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Best Boks v France: Arendse Epitomises SA Courage

Kurt-Lee Arendse epitomised the courage the Springboks displayed to nearly pull off a famous win over France in Marseille on Saturday, writes Quintin van Jaarsveld.

Kurt-Lee Arendse

Kurt-Lee Arendse epitomised the courage the Springboks displayed to nearly pull off a famous win over France in Marseille on Saturday, writes Quintin van Jaarsveld.

Reduced to 14 men as early as the 12th minute with Pieter-Steph du Toit red-carded for a dangerous cleanout and having to finish the game with 13 players following Deon Fourie’s yellow card for a professional foul, the world champions showed immense character to push Les Bleus to the brink.

In the end, though, a late try by Sipili Falatea and penalty goal by Thomas Ramos saw the Six Nations Grand Slam winners eke out a 30-26 win in a drama-filled thriller.

Our top three Springbok standouts were:

Kurt – Lee Arendse

As a pint-sized player who makes a living out of punching above his weight, Arendse knows all about having the deck stacked against him as South Africa had after the early red card.

He’s a gutsy fighter unfazed by massive challenges, a scrapping, and clawing overcomer, and it’s that warrior spirit that made the 1.8m, 76kg wing a towering figure at the Stade Vélodrome.

Whether it was pin-balling off would-be defenders, cutting down giants, or soaring above much taller men to pluck high balls out of the sky, Arendse personified the never-say-die attitude of the defiant Springboks.

The pocket rocket was prolific with his kick returns, rushing and stepping his way to an unrivalled 107 metres in eight carries, and showed his strength and composure to score in the corner.

His heroic defence was even more impressive and inspiring. Losing centre Jonathan Danty to injury in the red card incident and opting for a 6-2 split meant Sekou Macalou had to wing it for France and Arendse chopped the 1.98m, 108kg flank down to size, making a try-saving tackle on the big man in the first half and another vital tackle in the second.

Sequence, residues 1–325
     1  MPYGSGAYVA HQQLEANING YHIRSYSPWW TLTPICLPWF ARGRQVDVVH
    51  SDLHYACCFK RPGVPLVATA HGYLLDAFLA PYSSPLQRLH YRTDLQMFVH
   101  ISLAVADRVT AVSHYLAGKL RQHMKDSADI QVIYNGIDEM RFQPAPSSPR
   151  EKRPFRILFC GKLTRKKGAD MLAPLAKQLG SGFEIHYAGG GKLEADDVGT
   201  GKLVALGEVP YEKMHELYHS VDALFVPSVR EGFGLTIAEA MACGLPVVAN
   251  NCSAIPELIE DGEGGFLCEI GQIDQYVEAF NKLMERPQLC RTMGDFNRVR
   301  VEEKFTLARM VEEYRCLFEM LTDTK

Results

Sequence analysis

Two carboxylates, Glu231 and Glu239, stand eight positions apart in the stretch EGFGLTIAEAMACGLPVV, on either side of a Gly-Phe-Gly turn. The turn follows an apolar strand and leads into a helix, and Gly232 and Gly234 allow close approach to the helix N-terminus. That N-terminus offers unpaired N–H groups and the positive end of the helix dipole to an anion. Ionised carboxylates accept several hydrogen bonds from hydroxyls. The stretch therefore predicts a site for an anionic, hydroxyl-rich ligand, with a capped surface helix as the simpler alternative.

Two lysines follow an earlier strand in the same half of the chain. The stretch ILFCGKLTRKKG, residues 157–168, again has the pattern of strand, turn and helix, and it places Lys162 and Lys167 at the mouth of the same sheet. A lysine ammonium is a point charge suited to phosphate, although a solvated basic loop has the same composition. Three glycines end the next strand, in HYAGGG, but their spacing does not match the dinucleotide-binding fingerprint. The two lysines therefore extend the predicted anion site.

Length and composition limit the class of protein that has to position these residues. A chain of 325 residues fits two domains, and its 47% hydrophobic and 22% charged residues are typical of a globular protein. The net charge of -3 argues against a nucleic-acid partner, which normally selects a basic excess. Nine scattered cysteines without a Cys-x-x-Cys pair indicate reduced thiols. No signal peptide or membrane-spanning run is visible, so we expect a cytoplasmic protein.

His inclusion in the starting line-up ahead of Makazole Mapimpi, who’d been named on the bench for the first time, was one of the interesting selections for the crunch clash and he vindicated that call with his courageous and complete performance.

Willie le Roux

Du Toit’s red card forced the Springboks to play a more attacking brand of rugby, a diversion into Le Roux’s wheelhouse, and the resurgent veteran flourished in the fast lane.

He was the architect of South Africa’s attack, downloading data in a flash at first receiver to put players into space and France under all sorts of pressure with his diverse skillset and unpredictability.

His bag of tricks included pinpoint cross kicks to Jesse Kriel and Mapimpi and carving out a try for Arendse with a world-class cut-out pass. His organisation from the back was outstanding as well.

Eben Etzebeth

No one has been as consistently excellent in the green and gold over the last two seasons as Etzebeth and the herculean lock delivered in a big way again.

Etzebeth took the fight to the French in the trenches, putting in a ton of work and bringing the type of physicality that screamed that the Springboks weren’t going to lie down.

That translated into tremendous tackle fight and pack-high numbers in carries (9) and metres (41), with his desire and work rate also seeing him produce a stellar steal on the deck in the 26th minute.

Honourable Mentions

Special mention must be made of Cheslin Kolbe, Faf de Klerk, and Siya Kolisi.

Kolbe’s 52-metre curling penalty goal opened the Springboks’ account at a crucial time and was a thing of beauty, as was the little wing sitting down big flank Anthony Jelonch before being taken out in the air by Antoine Dupont.

De Klerk had his best game since the 2019 World Cup. He was fast and crisp and made good decisions, including taking a quick tap that led to Dupont’s red card and going right to set the course for Arendse’s try. His touchline conversion was clutch as can be and his penalty goal minutes later top-notch, but his shallow exits cost him a spot in the top three.

Kolisi led from the front, snuck over for the Springboks’ opening try, and earned an extra three points with a determined tackle and counter-ruck effort. The skipper missed out because an error in judgment – jumping out of the line – cost his team a try.

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Quintin Van Jaarsveld is a former MDDA-Sanlam SA Local Sports Journalist of the Year and a former three-time Vodacom KwaZulu-Natal Sports Journalist of the Year. Formerly the sports editor and Outstanding Journalist of the Year award winner at The Fever Media Group, deputy editor at eHowzit, editor at and senior staff writer at, he boasts over 15 years’ experience and is currently a freelance sports writer.

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